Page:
The Women Lawyers Association of Michigan (WLAM) was established in 1919 when five women attorneys banded together to provide support for one another in what was then a pre-eminently masculine profession. The Association was founded for the purposes of "securing the rights of women in society, advancing the interests of women members of the legal profession, promoting improvements in the administration of justice, promoting equality and social justice for all people, improving relations between the legal profession and the public, and encouraging the continued legal education of lawyers."
Although originally established in Detroit, the Association is currently located throughout the state and consists of 14 regions, which are made up of one or more counties. The size of each region varies from 11 members to over 150.
The WLAM has been active in its educational role over the years and has sponsored periodic Women in the Law conferences. This year, the Conference will be held May 12-13 and will address six topics of concern to female legal practitioners. The Association also began a job search conference in 1989-90, which continued until its merger as one of the three tracks in the State Bar’s Opening Doors Conference in 1994. The Association has also held programs on employment policies, the glass ceiling, and court reorganization and reform.
The WLAM sponsors specialized training annually for attorneys who volunteer to provide pro bono services in the areas of family law and domestic violence and to seek other ways to help funding crises in legal services agencies.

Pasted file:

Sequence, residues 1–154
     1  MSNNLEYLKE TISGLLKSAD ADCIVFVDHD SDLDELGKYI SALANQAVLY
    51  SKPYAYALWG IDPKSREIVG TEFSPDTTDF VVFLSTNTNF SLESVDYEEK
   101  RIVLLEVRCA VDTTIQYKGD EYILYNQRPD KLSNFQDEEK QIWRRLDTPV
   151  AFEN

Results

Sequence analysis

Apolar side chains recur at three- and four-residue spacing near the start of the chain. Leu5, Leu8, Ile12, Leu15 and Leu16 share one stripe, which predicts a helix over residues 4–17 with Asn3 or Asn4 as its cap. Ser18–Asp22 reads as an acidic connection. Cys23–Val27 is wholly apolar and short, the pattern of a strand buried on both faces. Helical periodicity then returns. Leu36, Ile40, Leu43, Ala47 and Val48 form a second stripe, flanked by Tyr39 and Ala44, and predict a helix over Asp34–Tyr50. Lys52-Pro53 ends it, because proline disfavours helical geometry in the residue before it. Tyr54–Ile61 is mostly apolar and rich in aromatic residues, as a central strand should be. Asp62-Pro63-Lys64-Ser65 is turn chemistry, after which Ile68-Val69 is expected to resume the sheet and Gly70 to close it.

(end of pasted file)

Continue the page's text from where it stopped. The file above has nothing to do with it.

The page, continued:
In 1983, the Women Lawyers Association of Michigan Foundation was founded. As its primary mission, the foundation promotes programs that enhance civic education through law, and promotes scholarships and opportunities for women at primary, secondary, college and law school levels. Each spring, the Foundation awards $1,250-$2,500 to five women law students on the basis of their demonstrated leadership capabilities, community service in such areas as family law, child advocacy or domestic violence, or potential for advancing the position of women in society. Candidates for the award may be full or part-time students at a law school in Michigan. The Foundation also financially supports the Michigan High School Mock Trial Tournament of the Center for Civic Education Through Law.